Natural Perspectives: Setting up a hydroponics system

HB Independent

This weekend Vic and I visited a new kind of gardening store in Huntington Beach, Surf City Hydroponics, on the northeast corner of Warner Avenue and Gothard Street. I don't think I've ever been so lost in a store dedicated to growing plants, or so amazed at how big plants can grow in so short a time.

Hydroponic gardening is growing plants without soil. The plants are rooted in a grow medium such as rockwool and flushed periodically with recirculating, nutrient-filled water.

Florescent lights provide the sunlight substitute that the plants need to thrive. And because the lights can be left on around the clock, the plants really take off.

Store owners Dave and Laurie Churchill are only too happy to show customers how they can set up a hydroponics system at home. They can walk you through the many choices of systems, depending on what it is that you want to grow.

Choices range from a simple and inexpensive setup like Emily's Kitchen, which will allow you to grow herbs and salad greens on the kitchen counter, to mini-rooms with reflectors, high-intensity lamps and cooling fans that can be set up in the garage. You can choose a system that will give you an early start on homegrown pepper or tomato seedlings, or pick one that will let you grow greens year-round. The choice is yours.

The lighting systems they offer will provide the plants with the energy input that they need to photosynthesize. That's the conversion of carbon dioxide to sugars, starches and cellulose. Giving the plants light around the clock gives them a jump-start in life. But plants need a period of darkness to flower properly. Timers can adjust the light cycle if you're growing the plants indoors to the flower stage.

The options of nutrient solutions and organic pest controls that they offered for sale at Surf City Hydroponics were staggering. You really need to visit the store to see all that is available. You'll be amazed at the array of trays, tubes, timers and pumps. You can get a preview by visiting www.surfcityhydroponics.com. The Churchills plan to offer classes soon to help customers learn more about this different way of gardening.

Many gardeners use heating mats to get their seedling transplants off to a quick start indoors. I've never used heating mats, but it's obvious that they're a real benefit to starting tomato, eggplant and pepper seeds off right. Surf City Hydroponics carries them and a whole line of seed starting supplies, whether you're growing hydroponically or in potting soil.

Let me give you a little comparison between traditionally and hydroponically grown seedlings. I planted some heirloom tomatoes from seed back in February. I grew them outside in little pots on the roof of our chicken coop, which was one of the few places that got adequate sunshine in our yard in February. The pathetically spindly things are now about 10 inches tall. They're beginning to flower and are ready to be transplanted into the ground.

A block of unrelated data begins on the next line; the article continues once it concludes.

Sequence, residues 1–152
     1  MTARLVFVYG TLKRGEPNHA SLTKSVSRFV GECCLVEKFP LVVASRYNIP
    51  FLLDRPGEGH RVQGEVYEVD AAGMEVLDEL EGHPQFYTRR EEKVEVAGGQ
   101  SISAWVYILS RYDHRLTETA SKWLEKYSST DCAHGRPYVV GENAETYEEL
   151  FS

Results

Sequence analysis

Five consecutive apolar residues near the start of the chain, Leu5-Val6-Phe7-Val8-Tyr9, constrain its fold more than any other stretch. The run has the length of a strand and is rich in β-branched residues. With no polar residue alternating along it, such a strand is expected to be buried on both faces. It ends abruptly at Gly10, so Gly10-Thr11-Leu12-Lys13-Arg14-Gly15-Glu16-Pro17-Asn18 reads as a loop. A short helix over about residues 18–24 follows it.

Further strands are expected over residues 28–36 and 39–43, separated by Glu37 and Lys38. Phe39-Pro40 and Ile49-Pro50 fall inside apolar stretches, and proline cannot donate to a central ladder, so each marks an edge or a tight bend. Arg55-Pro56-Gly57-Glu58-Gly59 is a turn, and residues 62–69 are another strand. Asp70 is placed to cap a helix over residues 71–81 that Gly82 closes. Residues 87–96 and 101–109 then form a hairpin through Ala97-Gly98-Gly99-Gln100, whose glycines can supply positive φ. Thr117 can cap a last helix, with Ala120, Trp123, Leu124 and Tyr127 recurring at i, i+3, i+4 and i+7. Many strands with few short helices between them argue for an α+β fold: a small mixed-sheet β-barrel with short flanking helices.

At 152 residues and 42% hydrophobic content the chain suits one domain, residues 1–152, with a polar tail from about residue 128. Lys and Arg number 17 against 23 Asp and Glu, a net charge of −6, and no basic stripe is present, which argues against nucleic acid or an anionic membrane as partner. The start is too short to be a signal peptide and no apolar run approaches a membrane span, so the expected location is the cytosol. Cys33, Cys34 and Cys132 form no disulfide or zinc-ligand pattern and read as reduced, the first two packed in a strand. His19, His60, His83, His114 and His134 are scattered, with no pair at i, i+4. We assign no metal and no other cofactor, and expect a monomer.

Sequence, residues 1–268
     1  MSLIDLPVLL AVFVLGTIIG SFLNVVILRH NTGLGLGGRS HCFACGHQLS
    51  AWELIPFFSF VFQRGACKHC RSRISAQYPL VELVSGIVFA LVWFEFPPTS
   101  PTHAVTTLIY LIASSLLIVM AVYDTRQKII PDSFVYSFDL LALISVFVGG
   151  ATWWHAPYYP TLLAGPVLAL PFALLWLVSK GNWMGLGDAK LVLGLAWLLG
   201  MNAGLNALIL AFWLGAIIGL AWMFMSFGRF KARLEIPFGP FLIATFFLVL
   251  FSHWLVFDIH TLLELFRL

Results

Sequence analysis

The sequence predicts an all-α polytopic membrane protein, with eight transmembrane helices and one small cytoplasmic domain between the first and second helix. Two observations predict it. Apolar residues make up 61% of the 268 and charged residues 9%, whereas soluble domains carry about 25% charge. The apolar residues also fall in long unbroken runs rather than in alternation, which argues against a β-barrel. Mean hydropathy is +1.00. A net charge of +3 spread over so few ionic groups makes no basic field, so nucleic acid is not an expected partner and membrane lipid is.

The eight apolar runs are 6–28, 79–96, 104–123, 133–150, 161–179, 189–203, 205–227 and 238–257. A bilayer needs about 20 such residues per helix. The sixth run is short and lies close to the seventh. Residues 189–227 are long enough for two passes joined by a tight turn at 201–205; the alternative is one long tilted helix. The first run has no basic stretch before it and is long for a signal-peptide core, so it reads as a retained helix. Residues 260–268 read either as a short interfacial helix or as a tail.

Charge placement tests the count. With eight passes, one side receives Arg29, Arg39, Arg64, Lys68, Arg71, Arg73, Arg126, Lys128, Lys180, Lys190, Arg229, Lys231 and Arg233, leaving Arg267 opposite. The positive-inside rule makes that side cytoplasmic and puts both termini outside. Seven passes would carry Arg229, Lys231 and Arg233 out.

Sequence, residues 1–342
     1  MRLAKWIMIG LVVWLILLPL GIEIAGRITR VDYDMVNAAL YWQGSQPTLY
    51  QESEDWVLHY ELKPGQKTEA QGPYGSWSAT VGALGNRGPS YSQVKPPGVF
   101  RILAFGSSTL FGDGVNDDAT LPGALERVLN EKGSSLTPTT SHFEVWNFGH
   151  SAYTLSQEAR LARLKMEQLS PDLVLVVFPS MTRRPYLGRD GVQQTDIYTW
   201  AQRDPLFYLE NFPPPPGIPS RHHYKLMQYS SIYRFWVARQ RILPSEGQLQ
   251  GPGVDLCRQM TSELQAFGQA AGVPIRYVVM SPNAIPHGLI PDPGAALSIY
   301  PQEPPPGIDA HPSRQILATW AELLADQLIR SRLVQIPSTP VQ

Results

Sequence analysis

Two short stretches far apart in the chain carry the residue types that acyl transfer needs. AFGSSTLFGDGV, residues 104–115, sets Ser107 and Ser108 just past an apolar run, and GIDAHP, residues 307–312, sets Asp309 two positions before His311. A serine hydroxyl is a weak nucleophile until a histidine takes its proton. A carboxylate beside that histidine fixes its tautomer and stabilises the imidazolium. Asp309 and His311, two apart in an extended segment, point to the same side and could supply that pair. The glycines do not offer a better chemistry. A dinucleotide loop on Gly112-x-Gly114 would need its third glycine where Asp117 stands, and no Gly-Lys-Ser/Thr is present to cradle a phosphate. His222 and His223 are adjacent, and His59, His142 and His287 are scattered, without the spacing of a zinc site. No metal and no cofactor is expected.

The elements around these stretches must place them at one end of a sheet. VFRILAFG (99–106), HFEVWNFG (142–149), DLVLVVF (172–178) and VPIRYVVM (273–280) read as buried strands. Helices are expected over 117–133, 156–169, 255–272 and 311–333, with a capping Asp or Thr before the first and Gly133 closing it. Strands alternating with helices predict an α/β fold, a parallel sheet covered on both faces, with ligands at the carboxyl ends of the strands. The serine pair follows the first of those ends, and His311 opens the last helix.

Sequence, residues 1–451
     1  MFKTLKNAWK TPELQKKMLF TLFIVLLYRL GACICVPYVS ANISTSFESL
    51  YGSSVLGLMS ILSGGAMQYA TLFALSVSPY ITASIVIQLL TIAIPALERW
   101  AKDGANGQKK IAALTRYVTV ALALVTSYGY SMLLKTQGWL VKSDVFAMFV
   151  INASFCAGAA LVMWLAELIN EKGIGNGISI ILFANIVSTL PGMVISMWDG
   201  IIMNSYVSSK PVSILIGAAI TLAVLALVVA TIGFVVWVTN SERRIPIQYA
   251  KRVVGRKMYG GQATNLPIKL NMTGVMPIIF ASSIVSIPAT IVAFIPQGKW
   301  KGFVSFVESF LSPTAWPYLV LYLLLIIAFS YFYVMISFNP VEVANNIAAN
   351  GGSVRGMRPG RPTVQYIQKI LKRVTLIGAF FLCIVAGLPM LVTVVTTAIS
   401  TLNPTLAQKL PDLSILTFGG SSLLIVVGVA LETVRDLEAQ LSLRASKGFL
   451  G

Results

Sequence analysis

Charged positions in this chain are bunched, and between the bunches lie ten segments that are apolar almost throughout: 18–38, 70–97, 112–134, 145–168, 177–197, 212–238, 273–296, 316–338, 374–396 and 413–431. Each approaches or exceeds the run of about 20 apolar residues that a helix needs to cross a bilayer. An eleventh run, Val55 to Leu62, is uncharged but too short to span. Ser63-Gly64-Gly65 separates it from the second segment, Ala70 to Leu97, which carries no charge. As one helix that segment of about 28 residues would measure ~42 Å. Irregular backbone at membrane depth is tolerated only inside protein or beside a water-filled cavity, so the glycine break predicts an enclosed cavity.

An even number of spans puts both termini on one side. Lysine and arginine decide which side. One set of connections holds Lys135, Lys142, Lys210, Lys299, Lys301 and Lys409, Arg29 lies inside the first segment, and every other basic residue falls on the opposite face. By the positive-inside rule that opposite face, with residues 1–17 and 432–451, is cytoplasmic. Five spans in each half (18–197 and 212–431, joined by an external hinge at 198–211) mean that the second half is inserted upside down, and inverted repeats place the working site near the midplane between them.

I contrasted my little tomato plants with the display tomato plants grown hydroponically at Surf City Hydroponics. Theirs were luxuriantly and densely green, twice as tall as my tomato plants, and had stems that were three times thicker than my poor little plants.

Here's the real kicker: Their plants are 3 weeks old, not three months. Wow.

I first saw hydroponic gardening on a visit to Disney's Epcot Center in Florida in the 1980s. Disney was touting it as a way of the future. Garden intensively without soil. Garden year-round. Garden in the desert or the far north or even in space. Seemed impossibly futuristic to me back then.

But now we have hydroponically grown lettuce and tomatoes for sale year-round at our local grocery stores. Cucumbers, bok choy (aka pak choi), bell peppers and roses are also being grown hydroponically on a commercial scale. Tomorrow has arrived.

Surf City Hydroponics also carries Smart Pots, which are felt-like bags that can be used for growing potatoes, tomatoes, peppers, squash or any number of other vegetables. I'm using the 15-gallon-size Smart Pots to grow blue potatoes in my driveway. I've already had the first of several planned harvests from the felt bags. They really work.

Digging the potatoes was no effort at all because they had been grown in potting soil. I just reached down into the loose soil with my hand, felt around and pulled out as many potatoes as I needed for dinner that night. The potatoes were perfect, with no blemishes and no dings from a shovel.

I'm growing sunchokes in a Smart Pot this year too, using a 15-gallon pot. Sunchokes, also known as Jerusalem artichokes, take longer to reach harvest readiness than potatoes, so I won't know how they did until later in the summer. But if the potato harvest is any indication, I won't be disappointed.

I wanted some more Smart Pots to try growing German butterball and King Edward potatoes, but the store had only the smaller size of Smart Pots. The smaller size would allow me to use less potting soil, but isn't suitable for potatoes.

I may give them a try for growing eggplants or winter squash in the driveway, which is the sunniest spot on our property. These are the lengths gardeners will go to wrest more food out of the yard. Or the driveway. Or even the garage.

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